The Old Fishing Hole – SHELLCRACKERS

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Bluegill and Redear

May through early June is the time to mark your calendar for shellcracker (redear) fishing. These colorful sunfish move to the shallows during this time to spawn making them easy targets for you baits. Fishing for them can lead to some fast action and loads of fun for anglers of all ages.

Fishing opportunities for shellcrackers are abundant throughout middle-Tennessee. Although they are not as wide ranging as bluegill (bream), farm ponds, small lakes, and reservoirs across the state usually provide good fishing. All TWRA family fishing lakes contain both redear and bream. Note that the statewide creel limit for redear is 20 per day with no minimum length limit. There is no statewide creel limit or minimum length limit for bream.

Shellcrackers and bluegill look much alike, but there are some distinct differences. Redear sunfish are most easily identified by a red edge on the gill cover. Unlike bluegill, redear are bottom feeders. Their diet consists of snails, mussels, and claims. Bream eat aquatic insects and their larva. While both fish are aggressive and put up a great fight on ultralight tackle, you’ll know when you have hooked a shellcracker because they pull like a freight train.

Shellcrackers spawn when water temperatures reach from 68 to 75 degrees. Peak spawning activity usually occurs around the full moon in May. They make beds in 1 to 2 feet of water or deeper depending on water clarity and available cover in areas with a sandy or mud bottom. When you find a
bed of shellcrackers mark it down, these fish usually return to the same spots to spawn year after year.

I look for areas in the back of pockets and coves or other shallow areas along the bank near deeper water to find beds. Shaded areas with over-hanging trees and around shallow water docks are good places to search. The beds will be easier to see with polarized glasses. Look for cover such as logs, submerged brush, and around shallow water grass beds. I talked with a veteran angler at a local bait and tackle shop who advised me to look for movement in the grass beds. He said when you see the grass moving above water within a grass bed, then you’re likely to find a bed of shellcrackers near the edge of the grass.

Once you locate spawning beds, they are usually loaded with fish and there is nothing difficult about catching them. You can easily catch them on live bait such as crickets and worms or artificial baits. Both types of baits work best for redear when fished near the bottom.

Many anglers prefer to use live baits to catch shellcrackers. Crickets are the most common live bait used to catch both shellcrackers and bream. I’ll rig using either a cork bobber or a slip float, a bb size split shot weight, and a number 6 long shank hook. The long shank hook makes it easier to unhook fish if they swallow the bait. Adjust the float where the bait will hang just off of the bottom.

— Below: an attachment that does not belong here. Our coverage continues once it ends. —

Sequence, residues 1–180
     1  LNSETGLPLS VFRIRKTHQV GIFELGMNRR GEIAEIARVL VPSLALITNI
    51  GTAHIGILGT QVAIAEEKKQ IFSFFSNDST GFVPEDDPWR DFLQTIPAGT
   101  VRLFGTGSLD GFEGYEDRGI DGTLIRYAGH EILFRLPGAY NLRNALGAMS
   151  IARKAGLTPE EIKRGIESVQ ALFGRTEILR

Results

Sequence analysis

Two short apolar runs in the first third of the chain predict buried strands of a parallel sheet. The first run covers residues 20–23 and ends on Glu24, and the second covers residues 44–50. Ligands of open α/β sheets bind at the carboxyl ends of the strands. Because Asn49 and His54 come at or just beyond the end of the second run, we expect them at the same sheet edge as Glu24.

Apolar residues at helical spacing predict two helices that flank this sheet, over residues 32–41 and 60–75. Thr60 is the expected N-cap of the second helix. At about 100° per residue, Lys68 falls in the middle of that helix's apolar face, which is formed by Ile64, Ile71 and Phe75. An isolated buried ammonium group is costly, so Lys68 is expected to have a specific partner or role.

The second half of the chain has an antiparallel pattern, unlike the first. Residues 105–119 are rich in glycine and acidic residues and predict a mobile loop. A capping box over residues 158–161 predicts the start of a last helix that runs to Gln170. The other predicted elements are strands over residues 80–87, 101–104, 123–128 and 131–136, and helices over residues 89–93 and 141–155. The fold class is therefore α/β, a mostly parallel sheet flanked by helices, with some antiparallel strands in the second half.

Using artificial baits is my favorite way to fish for shellcrackers. I like to cast a tube jig tied on with a loop knot. The loop knot allows the jig to hang horizontal providing a more natural presentation. The jig makes a great search bait when you can’t see the beds due to stained or muddy water.

I use a 1/32 oz. jig with the head painted red or chartreuse and a solid-body tube called a Crappie Ringer. This tube is soft yet tough enough to last and stay positioned on the jig after catching numerous fish. I’ll shorten the 1-1/2 inch tube by clipping off ¼ inch from the head and tail for redear fishing to ensure a good hook set. The Crappie Ringer is available from Bass Pro Shops in a variety of colors. Black with a chartreuse tail is my favorite color for redear fishing. Other colors may work well also but this color combination has worked very well for me on Old Hickory Lake this year.

Another bait that is extremely effective for redear is a Blakemore Road Runner. I use a 1/32 to 1/16 ounce size with a curly tail grub or rigged with a Crappie Ringer. The Crappie Ringer adds a little extra weight that improves casting distance. This bait can be fished with a very slow presentation and adds flash and vibration which can be deadly on redear.

Fishing light weight baits requires the right equipment for best performance. A 5-1/2 foot ultra-light spinning rod paired with a light weight reel spooled with 4 pound test line works very well. I recommend a lubricant like Real Magic to spray on the line to improve casting distance. Real magic is a protectant that not only lubricates the line but also reduces line memory and provides UV protection.

Now is the best time of the year to catch a stringer full of shellcrackers. When on bed they are not hard to find and are easy to catch. When you catch one redear around a bed you’ll catch many more from the same spot. It’s a great time to take a kid fishing and watch the excitement of a youngster catching these feisty pole bending panfish on light tackle. It’s not too late now to get in on the action and enjoy a fun day fishing for shellcrackers. And please, if you’re going to be on the water, always remember to wear your life jacket.

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Good Fishing

By Charlie Campbell